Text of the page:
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I was asked by several people at different times how old I was. Is this a cultural difference? Is it a fairly standard question to ask a relative stranger in Kazakhstan? I didn’t mind telling them I am 30. They were surprised. They said they thought I was younger, so that was nice I suppose.

The school ran on WhatsApp, or that’s how it seemed. There were loads of groups for teachers and classes, it seemed I needed to download it if I was to know what was going on. I did download it. I still didn’t know what’s going on.

whatsapp-update-latest-version

I was given a laptop. Everything was in Russian. The password was in Russian using the Russian keyboard. I figured out the English key equivalent so I could login in, then I switched to the English keyboard and figured everything else out by location.

I went to observe a lesson. This particular teacher has very little English but insisted the pupils speak English only. They were researching part of the topic then explaining it to others. Where I come from that’s a classic “f.o.f.o.” lesson. If this was the level expected of me I might be alright.


The only person in the department who spoke reasonable English was M___, she offered to accompany me to lunch in the cafeteria. I went along and spent approximately 80p on a seasoned rice dish that contained carrots and some unidentified meat. It was quite dry but tasty.  We didn’t linger and soon headed back to the department.

I was WhatsApped by the VP in the middle of the day to tell me my contract didn’t start until tomorrow so after meeting everyone else I was free for the rest of the day.

I took that to mean I could go home. So I did.

Damn jet lag.

I was still awake at midnight.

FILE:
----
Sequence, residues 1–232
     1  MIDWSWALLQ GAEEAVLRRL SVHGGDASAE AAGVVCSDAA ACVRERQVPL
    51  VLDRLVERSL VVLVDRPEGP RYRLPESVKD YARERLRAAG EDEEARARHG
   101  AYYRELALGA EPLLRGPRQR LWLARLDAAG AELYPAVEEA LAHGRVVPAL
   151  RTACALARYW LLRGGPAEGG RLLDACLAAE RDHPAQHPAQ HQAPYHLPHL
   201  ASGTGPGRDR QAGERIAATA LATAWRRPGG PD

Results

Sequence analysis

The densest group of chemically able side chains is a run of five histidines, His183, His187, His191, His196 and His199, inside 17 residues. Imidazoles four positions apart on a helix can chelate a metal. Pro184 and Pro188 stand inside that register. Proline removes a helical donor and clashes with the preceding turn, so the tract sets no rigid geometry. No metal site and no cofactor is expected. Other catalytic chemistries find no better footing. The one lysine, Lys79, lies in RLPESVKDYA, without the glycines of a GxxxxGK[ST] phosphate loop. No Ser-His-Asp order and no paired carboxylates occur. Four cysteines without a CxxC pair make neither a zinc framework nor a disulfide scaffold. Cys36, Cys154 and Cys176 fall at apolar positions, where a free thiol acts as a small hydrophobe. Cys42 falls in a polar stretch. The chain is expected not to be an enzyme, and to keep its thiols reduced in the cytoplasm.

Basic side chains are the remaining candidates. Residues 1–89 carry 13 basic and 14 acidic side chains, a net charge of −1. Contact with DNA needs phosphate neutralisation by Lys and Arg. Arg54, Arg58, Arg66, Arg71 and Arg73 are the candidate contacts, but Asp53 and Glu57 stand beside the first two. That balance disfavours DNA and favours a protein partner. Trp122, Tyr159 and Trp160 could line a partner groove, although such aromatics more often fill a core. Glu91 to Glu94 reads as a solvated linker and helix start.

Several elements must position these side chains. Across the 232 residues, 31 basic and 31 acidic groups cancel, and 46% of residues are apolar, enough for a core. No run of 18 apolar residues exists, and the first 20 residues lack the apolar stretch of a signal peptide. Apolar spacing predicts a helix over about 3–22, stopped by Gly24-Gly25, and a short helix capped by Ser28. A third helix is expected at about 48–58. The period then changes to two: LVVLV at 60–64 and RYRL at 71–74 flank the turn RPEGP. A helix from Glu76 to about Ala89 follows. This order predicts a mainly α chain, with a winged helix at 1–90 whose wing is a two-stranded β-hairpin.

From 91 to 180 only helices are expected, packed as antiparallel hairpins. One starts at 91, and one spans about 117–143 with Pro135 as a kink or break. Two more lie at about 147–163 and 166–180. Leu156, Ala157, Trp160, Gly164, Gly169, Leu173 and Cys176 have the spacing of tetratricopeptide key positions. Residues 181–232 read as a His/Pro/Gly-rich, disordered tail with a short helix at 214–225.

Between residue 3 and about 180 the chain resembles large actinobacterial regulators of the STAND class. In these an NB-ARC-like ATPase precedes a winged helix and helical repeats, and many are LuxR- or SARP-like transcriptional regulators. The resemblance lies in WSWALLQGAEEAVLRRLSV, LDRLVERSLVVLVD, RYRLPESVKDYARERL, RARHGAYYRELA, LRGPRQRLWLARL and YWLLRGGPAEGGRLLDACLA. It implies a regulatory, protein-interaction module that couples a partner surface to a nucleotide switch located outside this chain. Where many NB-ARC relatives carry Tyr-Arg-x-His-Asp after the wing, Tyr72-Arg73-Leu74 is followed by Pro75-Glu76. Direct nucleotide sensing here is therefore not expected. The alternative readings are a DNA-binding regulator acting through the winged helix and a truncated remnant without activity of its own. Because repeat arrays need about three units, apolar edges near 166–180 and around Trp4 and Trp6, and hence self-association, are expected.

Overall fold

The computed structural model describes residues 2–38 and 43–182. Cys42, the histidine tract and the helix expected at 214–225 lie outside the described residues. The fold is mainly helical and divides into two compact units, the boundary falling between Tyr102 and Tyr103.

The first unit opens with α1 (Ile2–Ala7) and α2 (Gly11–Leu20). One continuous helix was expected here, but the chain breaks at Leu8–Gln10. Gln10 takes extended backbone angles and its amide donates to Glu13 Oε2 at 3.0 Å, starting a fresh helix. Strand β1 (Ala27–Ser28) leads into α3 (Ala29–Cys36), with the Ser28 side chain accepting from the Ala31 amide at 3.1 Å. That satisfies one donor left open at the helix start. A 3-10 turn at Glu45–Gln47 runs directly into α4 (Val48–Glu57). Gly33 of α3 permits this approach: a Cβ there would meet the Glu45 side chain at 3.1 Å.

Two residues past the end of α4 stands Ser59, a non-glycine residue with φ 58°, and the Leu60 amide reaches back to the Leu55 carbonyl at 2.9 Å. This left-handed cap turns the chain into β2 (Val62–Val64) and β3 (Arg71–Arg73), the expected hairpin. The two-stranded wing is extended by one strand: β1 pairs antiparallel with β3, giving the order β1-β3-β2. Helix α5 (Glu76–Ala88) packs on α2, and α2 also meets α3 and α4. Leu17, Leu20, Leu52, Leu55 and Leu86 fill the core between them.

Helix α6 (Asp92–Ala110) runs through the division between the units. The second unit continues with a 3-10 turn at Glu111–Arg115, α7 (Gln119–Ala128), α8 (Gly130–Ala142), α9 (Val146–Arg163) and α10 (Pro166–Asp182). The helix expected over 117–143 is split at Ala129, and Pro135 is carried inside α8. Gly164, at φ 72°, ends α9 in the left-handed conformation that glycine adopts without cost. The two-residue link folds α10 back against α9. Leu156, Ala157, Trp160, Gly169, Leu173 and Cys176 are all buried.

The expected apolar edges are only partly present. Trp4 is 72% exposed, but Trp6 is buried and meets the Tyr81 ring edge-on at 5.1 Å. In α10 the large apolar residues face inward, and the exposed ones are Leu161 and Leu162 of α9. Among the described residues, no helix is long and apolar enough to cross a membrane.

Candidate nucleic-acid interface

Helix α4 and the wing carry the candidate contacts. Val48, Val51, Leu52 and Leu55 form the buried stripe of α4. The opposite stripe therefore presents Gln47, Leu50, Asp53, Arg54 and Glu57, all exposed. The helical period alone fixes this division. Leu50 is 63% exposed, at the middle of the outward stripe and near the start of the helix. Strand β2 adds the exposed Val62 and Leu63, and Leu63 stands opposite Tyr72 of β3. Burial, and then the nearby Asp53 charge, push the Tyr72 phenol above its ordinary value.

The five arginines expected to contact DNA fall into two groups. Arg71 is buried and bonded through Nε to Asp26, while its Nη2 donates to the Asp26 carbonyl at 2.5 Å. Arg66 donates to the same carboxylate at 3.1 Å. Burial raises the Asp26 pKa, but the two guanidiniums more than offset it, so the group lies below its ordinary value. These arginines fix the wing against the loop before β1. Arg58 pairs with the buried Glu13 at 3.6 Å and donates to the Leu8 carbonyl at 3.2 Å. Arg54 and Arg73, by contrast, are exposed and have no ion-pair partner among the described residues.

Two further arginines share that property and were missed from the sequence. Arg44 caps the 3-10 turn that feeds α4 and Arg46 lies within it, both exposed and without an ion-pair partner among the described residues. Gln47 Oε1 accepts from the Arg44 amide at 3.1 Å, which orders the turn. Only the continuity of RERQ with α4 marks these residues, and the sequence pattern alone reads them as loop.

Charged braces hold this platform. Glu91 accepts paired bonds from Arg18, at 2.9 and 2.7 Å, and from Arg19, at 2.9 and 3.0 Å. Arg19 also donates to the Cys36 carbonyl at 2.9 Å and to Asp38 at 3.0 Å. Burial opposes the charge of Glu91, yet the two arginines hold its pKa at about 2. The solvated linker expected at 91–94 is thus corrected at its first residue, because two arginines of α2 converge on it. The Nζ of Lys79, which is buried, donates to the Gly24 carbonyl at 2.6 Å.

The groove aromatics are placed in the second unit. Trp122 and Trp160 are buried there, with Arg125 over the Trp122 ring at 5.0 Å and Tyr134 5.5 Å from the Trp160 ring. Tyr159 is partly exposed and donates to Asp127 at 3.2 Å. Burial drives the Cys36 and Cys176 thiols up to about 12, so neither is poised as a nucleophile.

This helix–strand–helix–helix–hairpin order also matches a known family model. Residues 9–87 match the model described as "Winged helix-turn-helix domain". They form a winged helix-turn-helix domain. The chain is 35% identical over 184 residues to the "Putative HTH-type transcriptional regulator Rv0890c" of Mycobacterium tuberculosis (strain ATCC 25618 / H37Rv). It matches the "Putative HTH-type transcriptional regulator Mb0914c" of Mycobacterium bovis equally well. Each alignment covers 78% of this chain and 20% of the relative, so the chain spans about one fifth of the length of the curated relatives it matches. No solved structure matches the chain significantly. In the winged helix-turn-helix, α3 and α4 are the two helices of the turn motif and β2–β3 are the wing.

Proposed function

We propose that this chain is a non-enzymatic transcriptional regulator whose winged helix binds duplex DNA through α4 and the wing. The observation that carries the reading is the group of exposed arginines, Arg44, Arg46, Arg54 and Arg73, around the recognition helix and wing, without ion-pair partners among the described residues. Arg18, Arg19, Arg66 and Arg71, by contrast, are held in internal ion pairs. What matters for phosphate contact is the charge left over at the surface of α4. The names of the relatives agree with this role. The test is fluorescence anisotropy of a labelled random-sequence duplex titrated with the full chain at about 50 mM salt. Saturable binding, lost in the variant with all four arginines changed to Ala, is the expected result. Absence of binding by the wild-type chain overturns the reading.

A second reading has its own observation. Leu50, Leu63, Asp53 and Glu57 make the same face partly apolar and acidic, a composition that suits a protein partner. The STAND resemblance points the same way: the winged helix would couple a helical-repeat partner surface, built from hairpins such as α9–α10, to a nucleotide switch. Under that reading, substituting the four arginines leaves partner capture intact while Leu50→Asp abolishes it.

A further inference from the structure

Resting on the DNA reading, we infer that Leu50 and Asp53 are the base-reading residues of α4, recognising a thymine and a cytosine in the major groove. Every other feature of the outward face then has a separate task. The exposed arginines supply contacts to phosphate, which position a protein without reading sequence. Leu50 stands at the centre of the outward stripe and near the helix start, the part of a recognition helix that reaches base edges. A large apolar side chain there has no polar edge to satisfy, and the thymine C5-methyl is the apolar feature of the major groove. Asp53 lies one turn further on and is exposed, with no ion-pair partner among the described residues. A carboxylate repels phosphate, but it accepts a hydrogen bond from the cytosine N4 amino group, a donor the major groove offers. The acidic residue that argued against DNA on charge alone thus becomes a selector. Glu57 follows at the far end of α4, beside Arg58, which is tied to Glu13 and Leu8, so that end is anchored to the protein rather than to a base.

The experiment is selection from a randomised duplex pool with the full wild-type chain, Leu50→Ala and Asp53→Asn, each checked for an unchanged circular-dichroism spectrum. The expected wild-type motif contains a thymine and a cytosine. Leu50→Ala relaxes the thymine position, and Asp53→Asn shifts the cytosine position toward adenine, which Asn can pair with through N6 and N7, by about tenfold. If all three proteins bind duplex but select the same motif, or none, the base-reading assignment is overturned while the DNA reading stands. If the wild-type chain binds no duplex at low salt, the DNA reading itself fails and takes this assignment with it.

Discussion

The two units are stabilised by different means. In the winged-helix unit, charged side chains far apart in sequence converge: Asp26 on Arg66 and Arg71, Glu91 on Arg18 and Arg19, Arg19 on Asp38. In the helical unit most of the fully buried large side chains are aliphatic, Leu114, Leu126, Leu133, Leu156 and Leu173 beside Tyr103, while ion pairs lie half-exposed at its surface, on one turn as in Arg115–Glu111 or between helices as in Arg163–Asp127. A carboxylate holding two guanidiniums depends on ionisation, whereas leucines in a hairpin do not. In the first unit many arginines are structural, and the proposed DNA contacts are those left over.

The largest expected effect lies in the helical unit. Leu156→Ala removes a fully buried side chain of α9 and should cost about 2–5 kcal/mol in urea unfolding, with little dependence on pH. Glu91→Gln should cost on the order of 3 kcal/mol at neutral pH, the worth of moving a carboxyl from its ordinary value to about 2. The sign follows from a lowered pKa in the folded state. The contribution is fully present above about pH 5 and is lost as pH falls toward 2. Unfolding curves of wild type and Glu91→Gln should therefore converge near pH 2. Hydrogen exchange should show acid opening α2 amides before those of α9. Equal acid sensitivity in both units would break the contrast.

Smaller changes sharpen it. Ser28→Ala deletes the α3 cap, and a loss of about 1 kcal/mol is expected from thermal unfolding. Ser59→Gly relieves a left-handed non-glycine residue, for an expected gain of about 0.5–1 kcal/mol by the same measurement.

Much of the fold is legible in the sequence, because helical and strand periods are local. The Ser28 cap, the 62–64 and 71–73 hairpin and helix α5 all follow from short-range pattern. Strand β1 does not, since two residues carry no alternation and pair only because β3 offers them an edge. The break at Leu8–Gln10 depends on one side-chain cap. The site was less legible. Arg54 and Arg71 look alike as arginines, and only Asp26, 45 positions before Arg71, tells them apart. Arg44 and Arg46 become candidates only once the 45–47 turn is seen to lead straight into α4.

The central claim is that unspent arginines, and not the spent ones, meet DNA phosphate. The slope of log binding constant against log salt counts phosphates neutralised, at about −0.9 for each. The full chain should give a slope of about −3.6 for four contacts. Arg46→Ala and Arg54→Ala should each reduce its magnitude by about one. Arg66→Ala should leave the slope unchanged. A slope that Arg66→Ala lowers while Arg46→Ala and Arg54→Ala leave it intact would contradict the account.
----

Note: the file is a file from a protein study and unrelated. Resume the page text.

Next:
I listened to my audio Russian lessons for half an hour and learnt to count to ten. Go me.

I eventually slept

russian audio

The Name of the Wind by Patrick Rothfuss – A Book Review.

The Name of the wind is the first in a traditional fantasy trilogy called ‘The Kingkiller Chronicle’, it has been on my ‘to read’ pile for a while knowing I’ll love it but not quite ready for the commitment. It’s so intimidatingly large that I just couldn’t bring myself to start it; I have a habit of becoming very antisocial when reading fantasy books and it never seemed quite the right time. To give you some idea of its size, it is approximately 250,000 words long; for context the first book in David Eddings’ Belgariad series (The Pawn of Prophecy) has 104,000, and it’s a similar size to Harry Potter and the Order of the Phoenix. The second one isn’t much smaller, I bought both the first two when I saw them at a charity shop after hearing good reviews of the series.

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I’m so relieved to find a new traditional fantasy series to lose myself in. If you are at all familiar with the genre then you will feel instantly at home. Horse and carts, bards and lutes, taverns and gods, it has all the pieces for a full fantasy world. I like urban fantasy well enough, J. K. Rowling, Patricia Briggs and Shanna Swendson, to name a few, have managed to bring the fantasy into our own worlds in I way I really enjoy, but often the genre has a angsty or sleek and sexy vibe to it which is very different from the homely, rustic feel of the old fashioned fantasy genre. The novel is suitable for most age groups, there’s no bad language (or so little I’ve forgotten it) no raunchy sex scenes, any violence is implied rather than explicit and the book doesn’t lose anything for it.